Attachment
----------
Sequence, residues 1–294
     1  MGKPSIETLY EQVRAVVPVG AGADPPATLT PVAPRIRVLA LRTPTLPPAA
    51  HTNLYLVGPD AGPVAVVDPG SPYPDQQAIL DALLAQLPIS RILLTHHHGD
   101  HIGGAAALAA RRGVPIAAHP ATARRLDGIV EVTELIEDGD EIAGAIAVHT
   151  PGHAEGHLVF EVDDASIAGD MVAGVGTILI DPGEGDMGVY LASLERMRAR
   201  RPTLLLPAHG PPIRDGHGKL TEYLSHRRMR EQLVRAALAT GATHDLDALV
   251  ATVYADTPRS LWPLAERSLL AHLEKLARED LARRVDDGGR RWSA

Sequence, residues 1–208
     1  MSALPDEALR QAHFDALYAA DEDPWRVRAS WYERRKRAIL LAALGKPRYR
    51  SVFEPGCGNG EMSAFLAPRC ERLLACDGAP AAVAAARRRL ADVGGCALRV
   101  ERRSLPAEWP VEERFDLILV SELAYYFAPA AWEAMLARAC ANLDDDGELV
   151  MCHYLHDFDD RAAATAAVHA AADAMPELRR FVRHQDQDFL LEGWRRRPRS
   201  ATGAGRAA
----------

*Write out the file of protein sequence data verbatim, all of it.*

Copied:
Sequence, residues 1–294
     1  MGKPSIETLY EQVRAVVPVG AGADPPATLT PVAPRIRVLA LRTPTLPPAA
    51  HTNLYLVGPD AGPVAVVDPG SPYPDQQAIL DALLAQLPIS RILLTHHHGD
   101  HIGGAAALAA RRGVPIAAHP ATARRLDGIV EVTELIEDGD EIAGAIAVHT
   151  PGHAEGHLVF EVDDASIAGD MVAGVGTILI DPGEGDMGVY LASLERMRAR
   201  RPTLLLPAHG PPIRDGHGKL TEYLSHRRMR EQLVRAALAT GATHDLDALV
   251  ATVYADTPRS LWPLAERSLL AHLEKLARED LARRVDDGGR RWSA

Sequence, residues 1–208
     1  MSALPDEALR QAHFDALYAA DEDPWRVRAS WYERRKRAIL LAALGKPRYR
    51  SVFEPGCGNG EMSAFLAPRC ERLLACDGAP AAVAAARRRL ADVGGCALRV
   101  ERRSLPAEWP VEERFDLILV SELAYYFAPA AWEAMLARAC ANLDDDGELV
   151  MCHYLHDFDD RAAATAAVHA AADAMPELRR FVRHQDQDFL LEGWRRRPRS
   201  ATGAGRAA